John C
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John C

Interestingly, with all of this drift that’s been going on – we see this same subordination through one-ness and unity being lost to The Church…. Exactly what Tim hit on… I will not submit to that fellow – for it diminishes my own position… What we don’t see is that submitting to that fellow where it pertains to HIS gifts and calling actually strengthens me in my own calling….. For example – old testament Prophets… Did the prophet lead the people? Nope. But – when the King “Subordinated” to the Prophet’s word – the King was able to achieve things… Read more »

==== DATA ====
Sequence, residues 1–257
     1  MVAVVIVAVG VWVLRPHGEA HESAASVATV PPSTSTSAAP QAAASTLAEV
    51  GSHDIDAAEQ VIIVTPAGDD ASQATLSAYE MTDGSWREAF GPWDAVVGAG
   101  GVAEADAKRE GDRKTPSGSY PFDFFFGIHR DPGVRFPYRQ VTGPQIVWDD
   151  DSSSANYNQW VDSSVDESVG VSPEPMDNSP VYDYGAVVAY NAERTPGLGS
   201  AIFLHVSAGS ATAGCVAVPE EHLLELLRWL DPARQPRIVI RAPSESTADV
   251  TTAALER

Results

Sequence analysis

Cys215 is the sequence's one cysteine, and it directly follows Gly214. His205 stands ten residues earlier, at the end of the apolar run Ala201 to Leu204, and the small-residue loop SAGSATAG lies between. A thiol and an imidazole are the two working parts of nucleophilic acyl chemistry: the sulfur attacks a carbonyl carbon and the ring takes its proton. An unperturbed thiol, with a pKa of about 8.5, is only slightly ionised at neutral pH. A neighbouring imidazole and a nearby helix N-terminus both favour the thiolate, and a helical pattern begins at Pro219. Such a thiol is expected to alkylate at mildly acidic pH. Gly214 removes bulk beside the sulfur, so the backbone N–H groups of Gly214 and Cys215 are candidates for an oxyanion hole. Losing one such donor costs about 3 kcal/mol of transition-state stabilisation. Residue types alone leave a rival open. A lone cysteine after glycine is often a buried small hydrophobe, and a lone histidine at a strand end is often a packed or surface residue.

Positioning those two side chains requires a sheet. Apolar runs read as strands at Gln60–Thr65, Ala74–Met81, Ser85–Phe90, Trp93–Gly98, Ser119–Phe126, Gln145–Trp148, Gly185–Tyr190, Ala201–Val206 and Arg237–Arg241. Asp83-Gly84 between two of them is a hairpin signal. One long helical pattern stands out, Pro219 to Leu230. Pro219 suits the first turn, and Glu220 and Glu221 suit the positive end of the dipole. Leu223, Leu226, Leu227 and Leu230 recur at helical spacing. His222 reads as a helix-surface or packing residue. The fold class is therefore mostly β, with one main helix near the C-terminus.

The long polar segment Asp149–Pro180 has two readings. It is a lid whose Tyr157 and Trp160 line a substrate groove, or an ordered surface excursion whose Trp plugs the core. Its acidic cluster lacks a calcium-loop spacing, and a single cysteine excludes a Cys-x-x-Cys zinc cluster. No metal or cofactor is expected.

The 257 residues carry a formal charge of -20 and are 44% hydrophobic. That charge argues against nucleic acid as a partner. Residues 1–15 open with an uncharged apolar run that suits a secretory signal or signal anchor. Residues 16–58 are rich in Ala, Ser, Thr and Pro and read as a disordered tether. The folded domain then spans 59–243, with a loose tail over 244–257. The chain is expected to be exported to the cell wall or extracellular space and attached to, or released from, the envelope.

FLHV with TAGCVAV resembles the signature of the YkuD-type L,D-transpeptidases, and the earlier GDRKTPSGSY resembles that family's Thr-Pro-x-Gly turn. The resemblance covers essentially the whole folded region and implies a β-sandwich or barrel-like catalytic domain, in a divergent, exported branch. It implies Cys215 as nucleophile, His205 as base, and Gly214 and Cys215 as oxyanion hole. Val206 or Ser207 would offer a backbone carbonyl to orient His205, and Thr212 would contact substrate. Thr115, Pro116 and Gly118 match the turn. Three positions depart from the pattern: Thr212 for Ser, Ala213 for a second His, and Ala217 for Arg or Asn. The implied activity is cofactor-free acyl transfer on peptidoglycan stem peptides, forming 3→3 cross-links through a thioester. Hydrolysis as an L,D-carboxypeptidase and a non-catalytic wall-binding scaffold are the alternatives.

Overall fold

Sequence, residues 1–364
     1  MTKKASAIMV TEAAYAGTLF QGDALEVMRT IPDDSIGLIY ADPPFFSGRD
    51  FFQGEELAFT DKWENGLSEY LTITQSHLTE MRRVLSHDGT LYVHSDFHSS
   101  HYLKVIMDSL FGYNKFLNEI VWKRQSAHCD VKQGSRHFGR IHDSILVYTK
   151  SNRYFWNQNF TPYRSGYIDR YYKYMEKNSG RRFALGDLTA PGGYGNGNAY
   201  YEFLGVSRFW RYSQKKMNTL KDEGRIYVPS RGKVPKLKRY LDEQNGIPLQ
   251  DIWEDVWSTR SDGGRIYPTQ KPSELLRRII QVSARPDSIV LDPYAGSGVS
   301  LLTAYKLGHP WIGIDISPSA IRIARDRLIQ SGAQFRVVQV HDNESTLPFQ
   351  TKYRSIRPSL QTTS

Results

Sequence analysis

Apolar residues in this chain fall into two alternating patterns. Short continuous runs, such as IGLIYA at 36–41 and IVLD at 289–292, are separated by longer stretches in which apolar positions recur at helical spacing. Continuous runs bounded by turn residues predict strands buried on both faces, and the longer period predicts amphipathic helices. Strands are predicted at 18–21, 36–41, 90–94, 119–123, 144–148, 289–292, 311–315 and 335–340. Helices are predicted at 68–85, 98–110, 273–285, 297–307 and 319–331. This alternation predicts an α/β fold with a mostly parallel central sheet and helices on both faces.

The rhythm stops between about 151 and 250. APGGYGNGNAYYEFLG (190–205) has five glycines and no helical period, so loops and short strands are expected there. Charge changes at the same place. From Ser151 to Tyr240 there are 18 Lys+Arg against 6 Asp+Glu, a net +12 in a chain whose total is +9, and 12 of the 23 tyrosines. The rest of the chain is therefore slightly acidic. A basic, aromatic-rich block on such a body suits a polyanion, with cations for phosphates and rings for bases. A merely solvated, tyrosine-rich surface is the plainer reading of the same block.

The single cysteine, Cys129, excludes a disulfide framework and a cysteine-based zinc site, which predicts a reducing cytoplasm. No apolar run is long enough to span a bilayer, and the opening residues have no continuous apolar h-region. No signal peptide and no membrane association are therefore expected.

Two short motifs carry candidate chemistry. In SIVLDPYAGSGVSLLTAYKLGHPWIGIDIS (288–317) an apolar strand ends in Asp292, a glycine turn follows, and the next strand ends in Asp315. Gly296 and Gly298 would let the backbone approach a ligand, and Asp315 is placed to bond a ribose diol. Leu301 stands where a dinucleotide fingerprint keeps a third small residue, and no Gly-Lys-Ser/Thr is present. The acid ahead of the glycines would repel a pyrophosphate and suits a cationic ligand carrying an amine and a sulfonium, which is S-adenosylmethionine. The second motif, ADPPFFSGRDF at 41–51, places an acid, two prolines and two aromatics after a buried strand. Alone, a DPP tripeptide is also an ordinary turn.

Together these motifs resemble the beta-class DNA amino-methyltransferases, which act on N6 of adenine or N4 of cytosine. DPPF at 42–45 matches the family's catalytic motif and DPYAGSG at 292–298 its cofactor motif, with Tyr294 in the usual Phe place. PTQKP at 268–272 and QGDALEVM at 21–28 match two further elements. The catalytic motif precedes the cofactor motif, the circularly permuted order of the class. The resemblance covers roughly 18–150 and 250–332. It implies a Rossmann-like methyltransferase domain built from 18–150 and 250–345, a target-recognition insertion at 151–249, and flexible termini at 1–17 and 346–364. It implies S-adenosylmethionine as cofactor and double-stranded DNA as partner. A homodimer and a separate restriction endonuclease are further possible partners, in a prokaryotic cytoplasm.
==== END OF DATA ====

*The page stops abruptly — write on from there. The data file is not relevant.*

Dan Glover
Guest

Good point, John C. And that is the very thing we see in Philippians 2 with Jesus’ obedience and submission to the Father in his earthly ministry and death. Does it diminish Jesus? Nope. Rather, the Father gives him the name above every name, the name at which every knee will bow and every tongue confess that he is Lord.

John Dekker
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I was very disappointed to see Kathy Keller saying that “Jesus’ submission to the Father was limited to his earthly incarnation… to my knowledge, no complementarian has ever espoused such a thing [as eternal subordination], despite egalitarian charges to the contrary” (Jesus, Justice, & Gender Roles: A Case for Gender Roles in Ministry, p. 47).